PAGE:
As I worked away at the kilometres, the heat and dust, which I was not expecting in Romania, played a pretty big factor in my making up somewhere around 40 places in the one day. I was very happy to have my Infinit Nutrition in my hydration pack, and tried to do my best at conserving energy and definitely stayed moving 99% of the time to keep cool.
At one point, I walked my bike down a long, extremely steep hill, and came to a drop off where there were about 4 bikes being winched down on ropes. I parked my bike and walked down to look closer, and was in a bit of a conundrum as to what to do. There was no way I could walk it down, I didn’t have rope, I didn’t really want to ask for help, so do I let my bike fall down the edge? Before I come to a solution, an older French guy who had been riding at a similar pace to me walked his bike to the edge, announces “non, non non, we ah ride ah the bike down’’…so he hops on, and dropped down the side of the drop off perfectly!
I thought to myself, if I can do that, I’ll save a lot of energy from trying to lower it down, and potential damage to my bike from kicking it off the side of the cliff, so I did exactly what he did, one foot on the bank, one food on the left peg, and dropped off the edge with no brakes, immediately using a back brake slide at the bottom to turn left onto the road rather than dropping off the next edge immediately ahead.
Yep, I scared the hell out of myself, but pulled it off and rode away pretty chuffed with the results.
I came into the end of day one happy to have survived, and not ‘time barred’.
Day two I struggled a lot with feeling sick early in the day. I wasn’t able to eat as well as I needed to the night before, for the same reason. I would say a combination of heat stress, exhaustion, nerves, and food that really wasn’t very appetising contributed to a calorie deficit. Once again, luckily I had calories on the go in my hydration pack, so as the day got on I started to feel a little better.
I got stuck in a bog hole before the first hour was up, and spent about half an hour getting out. I dragged the bike back as far as I could, however the mud stopped me going any further, so I ended up digging a crosswise rut by doing little power burst wheelies to the right, then dropping the bike on its side so the back wheel came out, falling in the mud (not part of the plan), and picking a different line. I didn’t ask for help, because I figured I got myself in to that, I needed to get myself out. Needless to say, lesson learnt.
About two hours into the day, just after a very rocky downhill section, I came across Emma Broadbent with a broken sprocket. Now, in this race, there is a system for the tracks where it’s not uncommon for riders of different classes to share sections of track. I could not do anything to assist, so I continued along, only to come across her a second time setting a cracking pace, with a quick story of how some German guys up on a hill literally had a KTM sprocket in their car, and Loctite, which got her going again! Can you believe that!? What a story!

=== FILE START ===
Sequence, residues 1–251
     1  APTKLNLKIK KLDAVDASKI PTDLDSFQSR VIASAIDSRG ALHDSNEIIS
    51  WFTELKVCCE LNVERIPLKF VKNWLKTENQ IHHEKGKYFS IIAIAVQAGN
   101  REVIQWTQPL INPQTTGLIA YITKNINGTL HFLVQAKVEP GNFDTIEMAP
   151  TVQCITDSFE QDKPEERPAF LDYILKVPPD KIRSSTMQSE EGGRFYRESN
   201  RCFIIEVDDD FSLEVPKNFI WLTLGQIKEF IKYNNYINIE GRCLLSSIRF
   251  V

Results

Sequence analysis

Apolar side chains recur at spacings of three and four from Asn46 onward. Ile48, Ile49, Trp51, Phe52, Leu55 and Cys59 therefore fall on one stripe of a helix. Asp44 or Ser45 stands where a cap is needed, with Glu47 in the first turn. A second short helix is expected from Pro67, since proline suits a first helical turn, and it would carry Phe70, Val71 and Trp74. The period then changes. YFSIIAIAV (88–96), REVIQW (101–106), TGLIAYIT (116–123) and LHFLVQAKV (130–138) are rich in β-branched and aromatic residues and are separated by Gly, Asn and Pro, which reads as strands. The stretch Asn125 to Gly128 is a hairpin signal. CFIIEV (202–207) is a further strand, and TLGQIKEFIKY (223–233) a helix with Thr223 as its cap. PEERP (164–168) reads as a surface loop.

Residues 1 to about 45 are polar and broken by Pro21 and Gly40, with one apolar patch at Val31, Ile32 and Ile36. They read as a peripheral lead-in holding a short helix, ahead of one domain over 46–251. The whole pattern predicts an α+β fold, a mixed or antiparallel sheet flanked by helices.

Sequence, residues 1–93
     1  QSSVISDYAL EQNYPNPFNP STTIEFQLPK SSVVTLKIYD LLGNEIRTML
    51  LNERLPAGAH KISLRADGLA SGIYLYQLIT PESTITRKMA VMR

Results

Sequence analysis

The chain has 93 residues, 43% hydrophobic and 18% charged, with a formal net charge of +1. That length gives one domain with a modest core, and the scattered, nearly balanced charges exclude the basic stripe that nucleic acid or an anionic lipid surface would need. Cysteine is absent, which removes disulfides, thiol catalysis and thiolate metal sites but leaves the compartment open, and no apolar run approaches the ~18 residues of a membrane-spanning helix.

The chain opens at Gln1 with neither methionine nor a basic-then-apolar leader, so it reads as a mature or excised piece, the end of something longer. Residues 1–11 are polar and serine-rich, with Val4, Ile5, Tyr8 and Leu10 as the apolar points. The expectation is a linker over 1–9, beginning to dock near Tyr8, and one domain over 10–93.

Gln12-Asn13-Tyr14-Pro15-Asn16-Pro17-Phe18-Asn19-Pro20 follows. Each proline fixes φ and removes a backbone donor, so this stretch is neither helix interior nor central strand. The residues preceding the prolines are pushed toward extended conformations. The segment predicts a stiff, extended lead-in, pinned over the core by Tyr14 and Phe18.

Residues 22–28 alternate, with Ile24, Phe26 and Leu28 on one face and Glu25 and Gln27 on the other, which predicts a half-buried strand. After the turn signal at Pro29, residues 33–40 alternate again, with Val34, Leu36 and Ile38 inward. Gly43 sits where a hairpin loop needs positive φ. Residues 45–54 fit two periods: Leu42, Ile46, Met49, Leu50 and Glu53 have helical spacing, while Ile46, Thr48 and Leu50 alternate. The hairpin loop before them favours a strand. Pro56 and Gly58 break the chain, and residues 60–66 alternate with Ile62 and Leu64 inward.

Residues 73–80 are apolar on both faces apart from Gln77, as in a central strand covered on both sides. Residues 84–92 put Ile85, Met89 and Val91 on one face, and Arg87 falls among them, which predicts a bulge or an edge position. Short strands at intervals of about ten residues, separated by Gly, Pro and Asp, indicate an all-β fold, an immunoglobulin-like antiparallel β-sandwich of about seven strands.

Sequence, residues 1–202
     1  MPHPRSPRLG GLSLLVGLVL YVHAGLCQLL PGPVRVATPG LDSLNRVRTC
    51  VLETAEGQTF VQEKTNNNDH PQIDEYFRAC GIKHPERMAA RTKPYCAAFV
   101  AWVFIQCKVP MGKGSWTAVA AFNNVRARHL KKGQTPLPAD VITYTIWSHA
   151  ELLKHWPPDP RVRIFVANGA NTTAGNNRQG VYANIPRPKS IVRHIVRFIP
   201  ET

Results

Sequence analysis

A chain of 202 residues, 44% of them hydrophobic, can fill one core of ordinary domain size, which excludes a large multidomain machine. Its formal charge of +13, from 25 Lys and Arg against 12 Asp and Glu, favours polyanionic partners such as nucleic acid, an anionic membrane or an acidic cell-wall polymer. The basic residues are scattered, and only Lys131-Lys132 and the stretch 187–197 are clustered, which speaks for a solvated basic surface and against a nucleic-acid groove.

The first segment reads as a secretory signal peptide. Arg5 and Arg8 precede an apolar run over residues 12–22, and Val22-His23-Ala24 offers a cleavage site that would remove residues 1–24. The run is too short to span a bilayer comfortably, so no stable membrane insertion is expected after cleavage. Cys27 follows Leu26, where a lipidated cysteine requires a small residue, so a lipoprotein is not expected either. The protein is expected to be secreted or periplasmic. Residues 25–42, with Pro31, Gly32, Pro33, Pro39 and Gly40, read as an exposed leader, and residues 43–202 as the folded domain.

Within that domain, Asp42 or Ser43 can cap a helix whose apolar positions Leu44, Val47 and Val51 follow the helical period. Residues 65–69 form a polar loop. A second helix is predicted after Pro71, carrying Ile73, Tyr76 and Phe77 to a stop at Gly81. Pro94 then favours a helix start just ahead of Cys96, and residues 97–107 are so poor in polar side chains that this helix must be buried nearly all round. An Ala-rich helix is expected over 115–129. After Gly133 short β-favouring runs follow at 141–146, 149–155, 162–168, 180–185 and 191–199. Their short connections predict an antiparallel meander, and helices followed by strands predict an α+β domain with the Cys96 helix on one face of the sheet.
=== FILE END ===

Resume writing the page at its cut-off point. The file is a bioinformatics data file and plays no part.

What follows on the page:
So I tried to follow her, but messed up on a rock section we had to climb over, and ended up crashing and then riding into a creek I wasn’t supposed to be in! She rode into the distance, and I kind of laughed to myself because it was a bit funny.
A few hours later, I came across her a third time, this time stuck and crying in a mud pit on an uphill section. This bog hole was pretty bad, and I just wanted to give her a big hug because it’s so common for me to be in the same situation in tears thinking “what on earth am I doing here? I can’t do this rubbish!”
So I told her the funny story about me trying to follow her and ending up in the creek, pointed out a different line we could take to get out of the bog hole, and she rode out perfectly. We ended up deciding to ride together.
We quickly entered this really, really long creek bed section where we encountered the Red Bull Romaniacs bloggers who literally take photos and write blogs from out on the tracks, uploading it to the website as the race progresses. They asked for a quick interview but I was like ‘Nope! Gotta keep moving or we’ll run out of time!” so with Emma right on my tail we rode the rest of the day out, finished under the arches together, and did an interview there as two Australian girls racing Romaniacs. I thought this was so cool!
That night, it started to rain, and everyone went to bed with a certain level of trepidation as to how this would affect our riding the next day. Well, everyone except Graham Jarvis who no doubt was quietly celebrating what would be perfect conditions to silently assassinate all attempts at taking his fifth victory.